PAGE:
i) Prepaid Expenses
Prepaid expenses include amounts paid in advance for certain operational expenses, as well as amounts paid through the issuance of restricted shares of stock for future contractual benefits to be received. These advances are amortized over the life of the contract using the straight-line method.
j) Oil and Gas Properties
The Company uses the full cost method of accounting for its investment in oil and natural gas properties. Under this method of accounting, all costs associated with acquisition, exploration and development of oil and gas reserves, including directly related overhead costs, are capitalized. General and administrative costs related to production and general overhead are expensed as incurred.
All capitalized costs of oil and gas properties, including the estimated future costs to develop proved reserves, are amortized on the unit of production method using estimates of proved reserves. Disposition of oil and gas properties are accounted for as a reduction of capitalized costs, with no gain or loss recognized unless such adjustment would significantly alter the relationship between capitalized costs and proved reserves of oil and gas, in which case the gain or loss is recognized in operations. Unproved properties and major development projects are not amortized until proved reserves associated with the projects can be determined or until impairment occurs. If the results of an assessment indicate that the properties are impaired, the amount of the impairment is included in loss from operations before income taxes.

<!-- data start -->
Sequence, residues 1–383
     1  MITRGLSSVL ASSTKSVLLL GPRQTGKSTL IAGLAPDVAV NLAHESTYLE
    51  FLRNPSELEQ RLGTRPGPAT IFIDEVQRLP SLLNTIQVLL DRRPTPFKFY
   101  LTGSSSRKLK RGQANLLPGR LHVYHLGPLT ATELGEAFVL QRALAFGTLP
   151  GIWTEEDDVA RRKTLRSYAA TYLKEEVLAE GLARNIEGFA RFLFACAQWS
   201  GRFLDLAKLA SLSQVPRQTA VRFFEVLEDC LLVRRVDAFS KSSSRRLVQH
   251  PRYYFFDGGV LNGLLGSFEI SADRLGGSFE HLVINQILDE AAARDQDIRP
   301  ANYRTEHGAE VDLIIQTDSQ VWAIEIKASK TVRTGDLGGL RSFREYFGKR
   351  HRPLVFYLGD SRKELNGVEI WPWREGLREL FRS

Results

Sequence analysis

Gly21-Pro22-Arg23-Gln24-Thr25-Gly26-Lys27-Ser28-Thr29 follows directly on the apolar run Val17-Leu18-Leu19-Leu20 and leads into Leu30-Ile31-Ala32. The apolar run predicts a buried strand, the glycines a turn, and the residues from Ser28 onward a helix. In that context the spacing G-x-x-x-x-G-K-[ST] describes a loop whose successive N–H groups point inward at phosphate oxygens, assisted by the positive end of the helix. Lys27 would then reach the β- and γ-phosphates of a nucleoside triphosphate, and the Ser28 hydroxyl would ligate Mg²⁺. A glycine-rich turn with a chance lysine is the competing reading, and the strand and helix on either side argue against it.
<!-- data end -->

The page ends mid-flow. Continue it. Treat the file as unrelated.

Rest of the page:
k) Limitation on Capitalized Costs
Under the full-cost method of accounting, we are required, at the end of each reporting date, to perform a test to determine the limit on the book value of our oil and natural gas properties (the “Ceiling” test). If the capitalized costs of our oil and natural gas properties, net of accumulated amortization and related deferred income taxes, exceed the Ceiling, this excess or impairment is charged to expense. The expense may not be reversed in future periods, even though higher oil and natural gas prices may subsequently increase the Ceiling. The Ceiling is defined as the sum of:
l) Oil and Gas Reserves